Observers: Geoff Bell, Andrew Dobson, Bob Flood, Wendy Frith, Richard Gozney, Peter Hopkin, Jeremy Madeiros, Leila Madeiros, Neal Morris, Drew Pettit, Hadoram Shirihai, David Wallace (DW), Paul Watson, Tim White, David Wingate (DBW).

December 2011

Highlight of the month was undoubtedly the discovery of Bermuda’s second MacGillivray’s Warbler

A Northern Gannet was seen off Warwick Long Bay 30 Dec (RP). Single American Bitterns were seen at Pembroke Marsh 27 Dec (NM) and Mid-Ocean GC 28 Dec (AD). A Least Bittern was on Mid-Ocean GC 29 Dec (GB). The immature White Ibis remained at Spittal Pond to Dec 31+ (AD). The long-staying Garganey was still present in Devonshire Marsh to 27 Dec (BL, JT). A Hooded Merganser was at Pembroke Marsh 3 Dec-31 Dec+ (NM). At least one Osprey was present at various locations throughout Dec. (AD). A Peregrine Falcon was seen at various locations in Dec (JM, DBW et al). Two Greater Yellowlegs and two Lesser Yellowlegs were present at Port Royal GC and Spittal Pond throughout the month (AD). A Red Knot was at Mangrove Bay 5 Dec (DW). A record number of Sanderling (28) was at Grape Bay 6 Dec (AD). A first winter Iceland Gull was at various locations 22-27 Dec (JM). Three Yellow-billed Cuckoos were found wintering together in the Smith’s Hills 27 Dec (JM). A Nighthawk sp. was seen over St. Georges GC 29 Dec (PW). Single Eastern Phoebes were at Spittal Pond and Botanical Gardens 14 Dec (AD, NM). A Ruby-crowned Kinglet was seen in the Smith’s Hills 27 Dec (JM). A Swainson’s Thrush was seen in St. Georges 27 Dec (PW). A Hermit Thrush was seen at Morgan’s Point 6 Dec (DW). An American Robin at was at Government House 6-16 Dec (RG). A Swainson’s Warbler was seen at Morgan’s Point 6 Dec (DW). A MacGillivray’s Warbler was at Spittal Pond 27-31 Dec (AD, RG, KR). A Swamp Sparrow was seen at Devonshire Marsh 11 Dec (AD) and 27 Dec (JM). A Blue Grosbeak was seen on Port Royal GC 27 Dec (PH, NP).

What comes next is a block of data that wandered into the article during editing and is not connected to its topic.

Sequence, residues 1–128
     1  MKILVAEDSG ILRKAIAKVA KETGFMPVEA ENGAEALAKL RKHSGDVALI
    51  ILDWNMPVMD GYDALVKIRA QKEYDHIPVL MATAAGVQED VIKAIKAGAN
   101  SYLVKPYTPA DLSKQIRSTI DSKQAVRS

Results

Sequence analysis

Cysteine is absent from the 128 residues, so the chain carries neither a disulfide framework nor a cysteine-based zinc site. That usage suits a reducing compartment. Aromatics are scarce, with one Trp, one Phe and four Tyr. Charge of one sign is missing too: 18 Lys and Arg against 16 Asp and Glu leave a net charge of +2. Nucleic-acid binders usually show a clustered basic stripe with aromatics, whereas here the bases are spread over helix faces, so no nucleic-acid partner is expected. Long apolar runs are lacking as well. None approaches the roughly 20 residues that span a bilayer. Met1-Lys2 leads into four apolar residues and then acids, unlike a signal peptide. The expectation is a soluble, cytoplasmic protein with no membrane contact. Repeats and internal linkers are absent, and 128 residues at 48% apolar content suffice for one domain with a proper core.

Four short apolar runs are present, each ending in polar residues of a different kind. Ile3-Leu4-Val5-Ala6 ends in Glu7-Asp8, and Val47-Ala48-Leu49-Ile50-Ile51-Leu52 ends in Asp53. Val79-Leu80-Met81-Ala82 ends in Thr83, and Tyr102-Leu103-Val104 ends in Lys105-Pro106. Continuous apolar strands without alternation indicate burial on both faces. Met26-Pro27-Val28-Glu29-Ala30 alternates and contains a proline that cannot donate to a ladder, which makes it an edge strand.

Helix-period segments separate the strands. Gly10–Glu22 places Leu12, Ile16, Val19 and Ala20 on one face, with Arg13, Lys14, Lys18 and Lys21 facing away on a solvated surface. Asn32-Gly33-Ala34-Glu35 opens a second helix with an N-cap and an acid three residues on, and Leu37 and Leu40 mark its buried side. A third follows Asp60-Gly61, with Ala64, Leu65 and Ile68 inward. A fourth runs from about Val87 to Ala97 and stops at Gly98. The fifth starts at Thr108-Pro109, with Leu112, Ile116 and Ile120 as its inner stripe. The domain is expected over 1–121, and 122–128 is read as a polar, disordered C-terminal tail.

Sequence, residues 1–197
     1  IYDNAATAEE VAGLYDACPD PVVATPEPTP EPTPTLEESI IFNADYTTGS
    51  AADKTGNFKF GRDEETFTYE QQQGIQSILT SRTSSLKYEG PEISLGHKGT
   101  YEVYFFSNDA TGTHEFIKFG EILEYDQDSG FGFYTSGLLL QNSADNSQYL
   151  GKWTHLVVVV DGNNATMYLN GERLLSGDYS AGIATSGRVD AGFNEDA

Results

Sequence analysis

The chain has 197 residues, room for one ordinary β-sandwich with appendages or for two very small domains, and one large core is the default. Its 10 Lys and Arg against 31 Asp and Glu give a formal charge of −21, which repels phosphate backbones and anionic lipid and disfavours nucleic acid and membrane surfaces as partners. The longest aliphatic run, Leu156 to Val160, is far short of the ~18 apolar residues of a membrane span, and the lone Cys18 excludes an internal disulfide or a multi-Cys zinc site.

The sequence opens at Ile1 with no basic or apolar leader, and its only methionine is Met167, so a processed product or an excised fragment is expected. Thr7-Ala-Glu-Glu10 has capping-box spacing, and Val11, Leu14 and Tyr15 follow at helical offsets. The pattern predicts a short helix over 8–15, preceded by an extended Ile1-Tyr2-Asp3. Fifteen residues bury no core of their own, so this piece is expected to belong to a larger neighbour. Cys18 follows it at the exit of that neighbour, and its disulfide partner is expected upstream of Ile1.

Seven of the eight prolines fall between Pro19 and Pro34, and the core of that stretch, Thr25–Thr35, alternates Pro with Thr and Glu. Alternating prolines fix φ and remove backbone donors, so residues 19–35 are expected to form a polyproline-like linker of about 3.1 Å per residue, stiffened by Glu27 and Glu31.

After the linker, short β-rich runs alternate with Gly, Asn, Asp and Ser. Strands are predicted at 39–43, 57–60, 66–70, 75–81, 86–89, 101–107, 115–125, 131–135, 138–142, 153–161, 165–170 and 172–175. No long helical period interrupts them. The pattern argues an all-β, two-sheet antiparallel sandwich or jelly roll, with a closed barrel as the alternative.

Observers: Geoff Bell, Andrew Dobson, Richard Gozney, Peter Hopkin, Bruce Lorhan, Jeremy Madeiros, Neal Morris, Ron Porter, Natasha Power, Keith Rossiter, James Tatem, David Wallace (DW), Paul Watson, David Wingate (DBW).

In conjunction with National Audubon in the US, the Bermuda Audubon Society held its 37th CBC on 27th December 2011. Features of this year’s count included:

-          7,659 individual birds were counted (over 1,000 less than last year’s total)

-          88 species of birds (101 in 2010, 100 in 2009 and 97 in 2008)

-          Two new species for count day

-          European Starling was the most common species (27% of the count)